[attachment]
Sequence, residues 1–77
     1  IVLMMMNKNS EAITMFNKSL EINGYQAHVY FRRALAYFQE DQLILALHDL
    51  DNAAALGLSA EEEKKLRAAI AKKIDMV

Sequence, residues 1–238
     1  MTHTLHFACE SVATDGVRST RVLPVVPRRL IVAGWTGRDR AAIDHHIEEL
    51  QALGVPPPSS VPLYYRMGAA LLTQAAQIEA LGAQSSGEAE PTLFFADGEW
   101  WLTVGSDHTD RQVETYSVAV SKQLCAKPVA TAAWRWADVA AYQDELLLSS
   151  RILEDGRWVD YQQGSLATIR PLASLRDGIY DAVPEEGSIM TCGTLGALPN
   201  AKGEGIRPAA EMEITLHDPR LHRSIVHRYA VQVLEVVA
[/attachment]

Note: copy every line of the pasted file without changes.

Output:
Sequence, residues 1–77
     1  IVLMMMNKNS EAITMFNKSL EINGYQAHVY FRRALAYFQE DQLILALHDL
    51  DNAAALGLSA EEEKKLRAAI AKKIDMV

Sequence, residues 1–238
     1  MTHTLHFACE SVATDGVRST RVLPVVPRRL IVAGWTGRDR AAIDHHIEEL
    51  QALGVPPPSS VPLYYRMGAA LLTQAAQIEA LGAQSSGEAE PTLFFADGEW
   101  WLTVGSDHTD RQVETYSVAV SKQLCAKPVA TAAWRWADVA AYQDELLLSS
   151  RILEDGRWVD YQQGSLATIR PLASLRDGIY DAVPEEGSIM TCGTLGALPN
   201  AKGEGIRPAA EMEITLHDPR LHRSIVHRYA VQVLEVVA